Jan 2021 - Uncovering a “Lost World” in the western Andes – MPNR, a new biodiversity hotspot.
Nestled in a strategic corridor between the western (Chocó) and eastern slopes of the Colombian west Andes, lies the Mesenia-Paramillo nature reserve (MPNR). Spanning altitudes from 1,700 m (5,600 ft) to 2,950 m (9,700 ft), the reserve includes cloud forests, as well as subparamo vegetation at three isolated massifs: “Paramillo”, “Abejorro” and “El Oso”. The climate differences between the slopes, the availability of water, the effect of elevation, and the influence of mesoamerican fauna during the crash of two former continents, have rendered this area a speciation pump. That is, thousands of unique animal and plant species originated and throve during the last 13 million years. Certainly, biogeographic and climatologic conditions must have influenced this phenomenon and made this a special location, which can be inferred from the fact that in other tropical forests at similar altitudes, only a handful of amphibian and reptile species are found.
Indeed, it has been recently demonstrated that plant diversity in the Chocó, considered the Earth’s ninth most biodiverse hotspot, is derived mostly from Andean immigrants, which immediately points to the western Andes as a major contributor to this biodiversity. Which then raises several questions on how biodiverse the mountain ecosystems are and how much still remains to be uncovered.
For instance, the approximate 3,500-hectare (7,500-acre) reserve area, yet to be thoroughly studied, has yielded a significant number of amphibians and reptiles. At least 36 species of the former and 34 of the latter have been found, with an additional eight lizards and ten frogs being new to science; remarkable numbers for such a small area and expecting more. To put these figures into perspective, the reserve has more species of these groups than most major European countries. When species richness is calculated by unit area, the reserve has about 10,000 times more species per square kilometer than the next country. Because a whole country includes agricultural, urban and industrial areas, a fairer comparison would be with preserved areas where species richness peaks. Comparing those biodiversity hotspots of Europe rather than entire countries, the reserve hosts about 100-times more species than the former.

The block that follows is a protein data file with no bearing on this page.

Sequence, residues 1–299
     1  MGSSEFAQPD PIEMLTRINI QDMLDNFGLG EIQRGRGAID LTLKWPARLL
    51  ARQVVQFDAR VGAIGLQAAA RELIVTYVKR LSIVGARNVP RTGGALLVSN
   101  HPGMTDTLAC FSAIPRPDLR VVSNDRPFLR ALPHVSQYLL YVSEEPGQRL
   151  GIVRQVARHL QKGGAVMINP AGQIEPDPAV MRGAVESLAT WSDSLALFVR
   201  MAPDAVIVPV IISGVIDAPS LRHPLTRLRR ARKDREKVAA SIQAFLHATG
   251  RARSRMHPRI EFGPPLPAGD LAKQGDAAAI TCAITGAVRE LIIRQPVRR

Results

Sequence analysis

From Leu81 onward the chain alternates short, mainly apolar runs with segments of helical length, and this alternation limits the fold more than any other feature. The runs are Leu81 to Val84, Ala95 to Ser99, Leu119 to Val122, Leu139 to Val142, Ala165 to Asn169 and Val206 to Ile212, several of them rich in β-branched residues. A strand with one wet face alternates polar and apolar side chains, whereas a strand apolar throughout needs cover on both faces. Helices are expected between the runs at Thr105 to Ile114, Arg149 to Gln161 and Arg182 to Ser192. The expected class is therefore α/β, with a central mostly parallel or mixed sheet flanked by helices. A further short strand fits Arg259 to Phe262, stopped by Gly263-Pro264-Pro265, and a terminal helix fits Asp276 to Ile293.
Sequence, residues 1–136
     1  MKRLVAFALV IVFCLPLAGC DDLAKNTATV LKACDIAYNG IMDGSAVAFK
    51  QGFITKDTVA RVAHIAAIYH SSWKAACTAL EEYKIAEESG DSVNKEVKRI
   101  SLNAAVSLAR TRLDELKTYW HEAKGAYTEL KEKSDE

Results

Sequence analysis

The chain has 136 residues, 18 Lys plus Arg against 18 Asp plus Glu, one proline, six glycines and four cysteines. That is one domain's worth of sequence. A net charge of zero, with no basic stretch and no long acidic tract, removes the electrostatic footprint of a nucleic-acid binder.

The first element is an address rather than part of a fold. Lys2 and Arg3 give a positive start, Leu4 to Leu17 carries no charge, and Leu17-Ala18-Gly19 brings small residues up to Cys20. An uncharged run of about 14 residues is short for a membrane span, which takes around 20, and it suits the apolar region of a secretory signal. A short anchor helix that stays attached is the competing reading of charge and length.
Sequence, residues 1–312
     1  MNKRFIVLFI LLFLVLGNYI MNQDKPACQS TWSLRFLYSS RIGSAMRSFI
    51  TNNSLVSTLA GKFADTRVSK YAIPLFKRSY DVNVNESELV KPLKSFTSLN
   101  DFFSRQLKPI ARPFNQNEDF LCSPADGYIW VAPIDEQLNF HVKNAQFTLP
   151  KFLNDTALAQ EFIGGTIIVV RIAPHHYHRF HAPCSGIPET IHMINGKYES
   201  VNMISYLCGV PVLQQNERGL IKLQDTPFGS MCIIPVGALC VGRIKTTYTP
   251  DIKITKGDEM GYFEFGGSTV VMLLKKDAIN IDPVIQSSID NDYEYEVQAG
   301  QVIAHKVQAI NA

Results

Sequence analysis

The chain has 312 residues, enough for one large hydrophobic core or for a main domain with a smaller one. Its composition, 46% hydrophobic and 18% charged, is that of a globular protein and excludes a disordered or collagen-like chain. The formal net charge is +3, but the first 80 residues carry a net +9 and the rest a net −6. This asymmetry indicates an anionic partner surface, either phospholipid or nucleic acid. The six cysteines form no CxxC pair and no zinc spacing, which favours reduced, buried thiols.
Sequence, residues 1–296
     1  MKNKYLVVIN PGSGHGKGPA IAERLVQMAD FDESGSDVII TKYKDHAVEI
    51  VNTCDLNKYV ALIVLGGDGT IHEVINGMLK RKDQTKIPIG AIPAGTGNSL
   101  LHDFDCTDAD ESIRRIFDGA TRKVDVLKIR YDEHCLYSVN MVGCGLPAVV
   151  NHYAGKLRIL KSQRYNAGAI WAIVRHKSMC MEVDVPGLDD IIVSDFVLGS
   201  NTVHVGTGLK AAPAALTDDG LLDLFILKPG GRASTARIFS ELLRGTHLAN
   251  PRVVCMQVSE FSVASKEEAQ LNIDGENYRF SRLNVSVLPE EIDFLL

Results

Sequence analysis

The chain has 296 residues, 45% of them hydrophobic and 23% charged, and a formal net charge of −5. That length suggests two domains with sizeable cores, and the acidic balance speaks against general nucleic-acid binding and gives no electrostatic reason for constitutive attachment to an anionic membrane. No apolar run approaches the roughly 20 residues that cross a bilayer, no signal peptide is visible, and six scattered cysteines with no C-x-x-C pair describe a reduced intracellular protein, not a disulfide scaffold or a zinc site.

Protecting this corridor and describing the new species for science is imperative. Missing the scientific support to demonstrate the importance of conserving these ecosystems would allow for roads to be built, and further land clearing for cattle grazing and crops to be cultured with the consequential fragmentation and destruction of the surrounding forests. Let alone the negative impacts on the San Juan Antioquia and San Juan Bravo river watersheds also located within the reserve’s boundaries, which provide water to many communities and towns downstream.
Pholidobolus sp. nov.
In order to consolidate and secure a 6000-hectare (13,000-acre) corridor, The Hummingbird Conservancy https://bioconservancy.org/ is seeking 2-million USD intended to acquire several plots to improve the connectivity between current forest fragments, as well as to prevent fragmentation of this critical ecosystem.